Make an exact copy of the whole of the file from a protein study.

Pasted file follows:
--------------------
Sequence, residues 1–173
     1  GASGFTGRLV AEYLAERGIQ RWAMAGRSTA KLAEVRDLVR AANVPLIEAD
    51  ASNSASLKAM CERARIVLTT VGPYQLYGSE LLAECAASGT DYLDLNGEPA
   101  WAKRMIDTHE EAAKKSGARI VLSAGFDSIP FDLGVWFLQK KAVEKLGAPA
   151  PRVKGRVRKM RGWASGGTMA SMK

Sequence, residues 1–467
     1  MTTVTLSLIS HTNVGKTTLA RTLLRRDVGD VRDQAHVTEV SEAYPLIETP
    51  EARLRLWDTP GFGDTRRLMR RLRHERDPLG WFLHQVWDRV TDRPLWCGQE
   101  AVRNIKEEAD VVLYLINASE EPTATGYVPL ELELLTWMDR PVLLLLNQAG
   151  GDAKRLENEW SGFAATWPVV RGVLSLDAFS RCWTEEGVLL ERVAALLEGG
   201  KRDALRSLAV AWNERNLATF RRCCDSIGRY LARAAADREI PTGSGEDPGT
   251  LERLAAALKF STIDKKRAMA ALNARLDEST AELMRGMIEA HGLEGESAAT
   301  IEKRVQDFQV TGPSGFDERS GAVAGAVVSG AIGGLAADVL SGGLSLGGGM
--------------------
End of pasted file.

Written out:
Sequence, residues 1–173
     1  GASGFTGRLV AEYLAERGIQ RWAMAGRSTA KLAEVRDLVR AANVPLIEAD
    51  ASNSASLKAM CERARIVLTT VGPYQLYGSE LLAECAASGT DYLDLNGEPA
   101  WAKRMIDTHE EAAKKSGARI VLSAGFDSIP FDLGVWFLQK KAVEKLGAPA
   151  PRVKGRVRKM RGWASGGTMA SMK

Sequence, residues 1–467
     1  MTTVTLSLIS HTNVGKTTLA RTLLRRDVGD VRDQAHVTEV SEAYPLIETP
    51  EARLRLWDTP GFGDTRRLMR RLRHERDPLG WFLHQVWDRV TDRPLWCGQE
   101  AVRNIKEEAD VVLYLINASE EPTATGYVPL ELELLTWMDR PVLLLLNQAG
   151  GDAKRLENEW SGFAATWPVV RGVLSLDAFS RCWTEEGVLL ERVAALLEGG
   201  KRDALRSLAV AWNERNLATF RRCCDSIGRY LARAAADREI PTGSGEDPGT
   251  LERLAAALKF STIDKKRAMA ALNARLDEST AELMRGMIEA HGLEGESAAT
   301  IEKRVQDFQV TGPSGFDERS GAVAGAVVSG AIGGLAADVL SGGLSLGGGM